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Complete gold "strap" ingot for making oro corriente pieces, marked five times with circular tax sta

Currency:USD Category:Coins & Paper Money / Shipwreck Ingots Start Price:50,000.00 USD Estimated At:60,000.00 - 90,000.00 USD
Complete gold  strap  ingot for making oro corriente pieces, marked five times with circular tax sta
SOLD
80,000.00USDto goldandsilver+ (14,000.00) buyer's premium. + applicable fees & taxes.
This item SOLD at 2016 Nov 12 @ 15:20UTC-5 : EST/CDT
All items are genuine unless noted. By bidding in this auction you understand and agree to the Terms and Conditions posted here.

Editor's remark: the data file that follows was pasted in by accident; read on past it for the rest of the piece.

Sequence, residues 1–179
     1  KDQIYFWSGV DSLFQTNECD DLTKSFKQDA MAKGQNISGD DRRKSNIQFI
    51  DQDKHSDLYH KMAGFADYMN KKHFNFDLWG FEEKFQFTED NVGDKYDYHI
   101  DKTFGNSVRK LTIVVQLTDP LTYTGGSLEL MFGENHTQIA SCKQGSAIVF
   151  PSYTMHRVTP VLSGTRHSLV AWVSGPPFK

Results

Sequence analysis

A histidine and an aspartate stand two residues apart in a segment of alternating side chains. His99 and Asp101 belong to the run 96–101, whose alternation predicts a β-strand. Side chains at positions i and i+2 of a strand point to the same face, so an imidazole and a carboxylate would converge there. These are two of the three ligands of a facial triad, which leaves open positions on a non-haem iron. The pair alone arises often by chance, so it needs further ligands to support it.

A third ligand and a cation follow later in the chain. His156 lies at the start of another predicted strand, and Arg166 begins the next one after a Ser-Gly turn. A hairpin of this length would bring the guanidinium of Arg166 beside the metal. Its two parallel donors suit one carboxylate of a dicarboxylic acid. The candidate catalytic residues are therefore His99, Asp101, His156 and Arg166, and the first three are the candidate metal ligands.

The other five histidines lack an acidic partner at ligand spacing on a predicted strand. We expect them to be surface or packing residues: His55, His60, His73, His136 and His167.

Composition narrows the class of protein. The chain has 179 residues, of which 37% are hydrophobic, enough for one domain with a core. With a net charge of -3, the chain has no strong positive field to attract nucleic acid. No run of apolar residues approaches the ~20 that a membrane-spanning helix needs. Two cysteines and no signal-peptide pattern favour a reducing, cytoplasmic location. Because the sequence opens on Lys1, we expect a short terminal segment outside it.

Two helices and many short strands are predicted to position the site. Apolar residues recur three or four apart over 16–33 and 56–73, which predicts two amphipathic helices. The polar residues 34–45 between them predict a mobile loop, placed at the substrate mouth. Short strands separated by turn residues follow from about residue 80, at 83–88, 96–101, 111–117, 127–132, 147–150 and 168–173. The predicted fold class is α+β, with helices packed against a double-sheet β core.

Complete gold "strap" ingot for making oro corriente pieces, marked five times with circular tax stamp of Charles V, Holy Roman Emperor (Charles I of Spain) and C inside box, 1128 grams, estimated 22K, very rare, from an unidentified early 1500s wreck in the Caribbean. 10-1/2" x 1-1/4" x 1/4". It is tempting to call this object simply a “gold bar,” but that does not convey its full importance, as its near-uniform flatness and its markings all indicate that this piece is the first example ever recorded of a complete “strap” (in Spanish: riel) for cutting into the known (but very rare) money pieces (small) known as “oro corriente,” which were used in place of actual gold coins (which were in short supply) in the colonies and thus represent the “first fish out of the lake” from the colonies in terms of local gold coinage. The markings are of two types (each represented five times on this piece): a simple C inside a box, presumably for Charles I (or possibly for Castilla de Oro, the original name for Panama), and a circular tax stamp with legend CAROLVS IMPERATOR around a castle (again supporting the Castilla de Oro theory). Also noteworthy is that these are the same markings seen on the oro corriente pieces (but not the bars) recovered from the ca.-1528 “Tumbaga Wreck,” which means this bar (and possibly the wreck that yielded it) dates back to the 1520s. If the Castilla de Oro theory is correct, then this piece could date back as far as 1519, when the Panama area was governed by the famous “Pedrarias” (Pedro Arias Dávila) and just after Charles became Holy Roman Emperor (he had been ruling Spain since 1516). Note the lack of any assayer’s “bite” or markings of fineness, one of the many reasons oro corriente was soon outlawed, despite the continuing need for local coinage. On the other side of the bar are some old but intentional test-scratches but also what appear to be hammered-out places near each end that could have been other markings. A very neat piece overall, attractively yellow-gold in color, impressive in size and unique in importance, especially as the earliest form of Spanish colonial gold treasure we have ever offered. From an unidentified early 1500s wreck in the Caribbean.